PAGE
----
Re: Basic Clip - Keyboard Macro question
- Another way to run a clip/macro is to type its name into the document and then press F2 (or place the cursor on an already typed clipname and press F2. This will NOT work on clipnames containing spaces and/or punctuation.
But it WILL work on single letter clipnames, i.e. 2 keystrokes. The clipname and the F2 key.
--- In email@example.com, "jsc3fge" <jsc3fge@...> wrote:
> Thanks. I didn't realize how this worked. I just played around with a couple of "macros" and I think it will work for me. Guess I just need to think a little differently how the program works.
> --- In firstname.lastname@example.org, loro <tabbie@> wrote:
> > At 05:13 2012-09-13, you wrote:
> > >Marcelo - Yes, I totally misunderstood! But now I have to ask, is
> > >there a way to assign a keyboard command to execute a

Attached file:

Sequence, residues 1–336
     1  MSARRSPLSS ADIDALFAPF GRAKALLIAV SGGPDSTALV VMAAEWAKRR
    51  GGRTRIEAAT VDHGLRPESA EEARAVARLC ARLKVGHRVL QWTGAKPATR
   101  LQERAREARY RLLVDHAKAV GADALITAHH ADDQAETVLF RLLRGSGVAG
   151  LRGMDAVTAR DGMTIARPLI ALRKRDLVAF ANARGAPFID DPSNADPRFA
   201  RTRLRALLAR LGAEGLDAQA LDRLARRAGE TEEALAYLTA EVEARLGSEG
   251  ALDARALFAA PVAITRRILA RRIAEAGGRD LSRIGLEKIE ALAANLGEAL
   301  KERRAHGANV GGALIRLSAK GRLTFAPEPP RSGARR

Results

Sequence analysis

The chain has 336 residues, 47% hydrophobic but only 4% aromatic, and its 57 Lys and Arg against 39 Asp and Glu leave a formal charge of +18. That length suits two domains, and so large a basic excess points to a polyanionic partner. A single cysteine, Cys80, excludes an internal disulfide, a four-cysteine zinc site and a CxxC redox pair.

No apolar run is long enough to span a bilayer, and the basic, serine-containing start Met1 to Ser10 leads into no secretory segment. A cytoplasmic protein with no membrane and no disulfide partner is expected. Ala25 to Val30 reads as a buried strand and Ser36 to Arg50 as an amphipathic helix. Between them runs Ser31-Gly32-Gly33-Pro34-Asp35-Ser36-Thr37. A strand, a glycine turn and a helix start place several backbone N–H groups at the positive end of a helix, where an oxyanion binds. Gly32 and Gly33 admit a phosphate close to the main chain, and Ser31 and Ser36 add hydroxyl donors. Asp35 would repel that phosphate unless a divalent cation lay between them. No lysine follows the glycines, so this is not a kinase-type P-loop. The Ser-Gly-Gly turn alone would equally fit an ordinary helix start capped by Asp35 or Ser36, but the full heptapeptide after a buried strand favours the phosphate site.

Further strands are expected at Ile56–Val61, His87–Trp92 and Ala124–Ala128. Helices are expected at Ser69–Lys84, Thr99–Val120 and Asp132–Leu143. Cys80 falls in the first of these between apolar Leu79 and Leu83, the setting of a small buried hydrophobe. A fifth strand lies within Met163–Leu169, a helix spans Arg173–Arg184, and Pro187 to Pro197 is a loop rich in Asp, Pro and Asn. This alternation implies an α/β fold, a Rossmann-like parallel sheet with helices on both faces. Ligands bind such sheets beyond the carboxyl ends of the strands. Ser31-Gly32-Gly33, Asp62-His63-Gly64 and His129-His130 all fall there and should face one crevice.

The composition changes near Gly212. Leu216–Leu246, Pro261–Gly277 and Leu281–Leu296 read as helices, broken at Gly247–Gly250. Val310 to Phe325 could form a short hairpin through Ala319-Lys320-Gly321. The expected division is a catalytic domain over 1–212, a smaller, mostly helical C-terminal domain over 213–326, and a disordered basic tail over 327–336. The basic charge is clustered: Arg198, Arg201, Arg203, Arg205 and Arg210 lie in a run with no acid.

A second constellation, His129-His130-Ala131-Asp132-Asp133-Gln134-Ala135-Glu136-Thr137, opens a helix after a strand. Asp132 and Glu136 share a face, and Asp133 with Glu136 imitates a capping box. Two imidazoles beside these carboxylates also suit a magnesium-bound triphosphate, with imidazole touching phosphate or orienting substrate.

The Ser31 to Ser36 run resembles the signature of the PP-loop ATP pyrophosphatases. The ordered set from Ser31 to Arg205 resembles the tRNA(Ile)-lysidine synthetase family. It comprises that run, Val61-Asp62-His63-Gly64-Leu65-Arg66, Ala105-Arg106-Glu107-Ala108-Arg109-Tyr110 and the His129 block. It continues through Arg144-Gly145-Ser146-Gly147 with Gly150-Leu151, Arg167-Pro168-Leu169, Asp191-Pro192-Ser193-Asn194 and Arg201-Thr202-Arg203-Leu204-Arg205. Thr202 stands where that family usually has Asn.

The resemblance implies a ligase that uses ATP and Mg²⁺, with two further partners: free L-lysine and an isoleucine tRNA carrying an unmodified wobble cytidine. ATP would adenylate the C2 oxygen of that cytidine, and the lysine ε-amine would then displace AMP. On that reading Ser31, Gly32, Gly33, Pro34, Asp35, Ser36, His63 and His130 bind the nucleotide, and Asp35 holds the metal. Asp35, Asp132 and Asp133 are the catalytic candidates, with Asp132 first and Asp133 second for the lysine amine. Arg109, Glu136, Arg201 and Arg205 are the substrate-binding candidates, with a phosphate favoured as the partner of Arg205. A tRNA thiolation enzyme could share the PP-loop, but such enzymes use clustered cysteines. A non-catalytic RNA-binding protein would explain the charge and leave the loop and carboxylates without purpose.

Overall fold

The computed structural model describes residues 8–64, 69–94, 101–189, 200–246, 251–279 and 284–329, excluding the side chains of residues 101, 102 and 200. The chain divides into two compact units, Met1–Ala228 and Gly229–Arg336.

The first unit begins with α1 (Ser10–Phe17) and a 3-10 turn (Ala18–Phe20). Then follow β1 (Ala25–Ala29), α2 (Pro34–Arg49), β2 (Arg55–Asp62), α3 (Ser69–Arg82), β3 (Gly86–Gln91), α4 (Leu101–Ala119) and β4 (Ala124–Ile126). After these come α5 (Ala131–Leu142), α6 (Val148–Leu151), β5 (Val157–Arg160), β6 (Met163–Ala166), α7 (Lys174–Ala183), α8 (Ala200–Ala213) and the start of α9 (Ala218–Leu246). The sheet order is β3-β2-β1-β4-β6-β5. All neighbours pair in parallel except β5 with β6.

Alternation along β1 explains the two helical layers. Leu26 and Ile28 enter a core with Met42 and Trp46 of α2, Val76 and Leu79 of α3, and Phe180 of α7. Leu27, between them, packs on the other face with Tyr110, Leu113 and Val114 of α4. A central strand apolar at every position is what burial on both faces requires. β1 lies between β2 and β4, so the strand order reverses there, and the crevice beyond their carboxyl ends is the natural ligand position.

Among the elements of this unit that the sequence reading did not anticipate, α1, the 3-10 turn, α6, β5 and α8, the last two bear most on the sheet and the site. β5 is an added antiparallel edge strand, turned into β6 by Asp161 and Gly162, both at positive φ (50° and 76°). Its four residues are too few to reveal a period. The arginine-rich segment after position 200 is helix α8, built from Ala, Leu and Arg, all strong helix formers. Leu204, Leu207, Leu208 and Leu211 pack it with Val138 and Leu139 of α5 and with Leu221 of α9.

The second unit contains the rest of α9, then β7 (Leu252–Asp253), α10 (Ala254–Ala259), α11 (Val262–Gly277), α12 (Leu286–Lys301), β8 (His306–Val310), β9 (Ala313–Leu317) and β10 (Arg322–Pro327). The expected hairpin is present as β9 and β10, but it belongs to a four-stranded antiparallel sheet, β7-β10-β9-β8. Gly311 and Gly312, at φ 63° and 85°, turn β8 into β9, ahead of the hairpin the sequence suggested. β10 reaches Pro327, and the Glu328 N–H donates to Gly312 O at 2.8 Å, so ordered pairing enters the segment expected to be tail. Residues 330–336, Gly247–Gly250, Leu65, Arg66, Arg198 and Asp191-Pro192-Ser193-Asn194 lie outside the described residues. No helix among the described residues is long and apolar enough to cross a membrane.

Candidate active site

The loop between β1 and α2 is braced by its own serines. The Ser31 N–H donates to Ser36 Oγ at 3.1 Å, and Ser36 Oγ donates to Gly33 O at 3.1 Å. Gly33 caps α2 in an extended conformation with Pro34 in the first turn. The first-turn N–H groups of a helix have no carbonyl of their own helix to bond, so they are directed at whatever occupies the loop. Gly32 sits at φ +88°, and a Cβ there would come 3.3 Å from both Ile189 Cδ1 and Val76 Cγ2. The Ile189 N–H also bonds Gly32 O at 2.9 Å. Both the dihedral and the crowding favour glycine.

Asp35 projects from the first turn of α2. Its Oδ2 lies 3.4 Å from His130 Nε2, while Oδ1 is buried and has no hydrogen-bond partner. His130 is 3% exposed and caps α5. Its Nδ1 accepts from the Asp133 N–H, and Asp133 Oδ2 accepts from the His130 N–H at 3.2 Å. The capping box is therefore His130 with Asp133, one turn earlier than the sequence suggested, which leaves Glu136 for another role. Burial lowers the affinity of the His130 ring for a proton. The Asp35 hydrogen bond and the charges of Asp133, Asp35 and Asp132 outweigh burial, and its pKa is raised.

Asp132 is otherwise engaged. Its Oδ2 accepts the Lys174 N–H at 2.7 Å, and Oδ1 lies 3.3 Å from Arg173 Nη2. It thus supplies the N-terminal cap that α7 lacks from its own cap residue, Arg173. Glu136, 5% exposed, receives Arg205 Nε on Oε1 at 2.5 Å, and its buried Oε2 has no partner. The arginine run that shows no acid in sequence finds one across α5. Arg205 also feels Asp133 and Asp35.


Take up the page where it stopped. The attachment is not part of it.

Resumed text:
> > >clip/macro? SetShortcut seems to only be for menu items.
> > Yes. Not exactly in the way you mean, but in auto-replace mode you
> > can execute a clip by typing its name/title. The trick is to give the
> > clips names that are both understandable and easy and quick to type...
> > Look up auto-replace in Help (the ordinary Help file, not Clip Help).
> > As you can read there there are two ways to do this. If you want to
> > create a whole auto-replace library, start by creating a new library
> > as usual. Then right-click in the combo box and choose "Open as
> > document". Then replace the standard header (= V5 MultiLine NoSorting
> > TabWidth=30) with the below one and save the document.
> > = V5 MultiLine AutoReplace TabWidth=30
> > I'm sure this is documented somewhere, but I don't find it. You can
> > always find the right header to use by opening one of the
> > auto-replace libraries that comes with Notetab as a document and
> > snatch it from there. That's what I did. ;-)
> > Lotta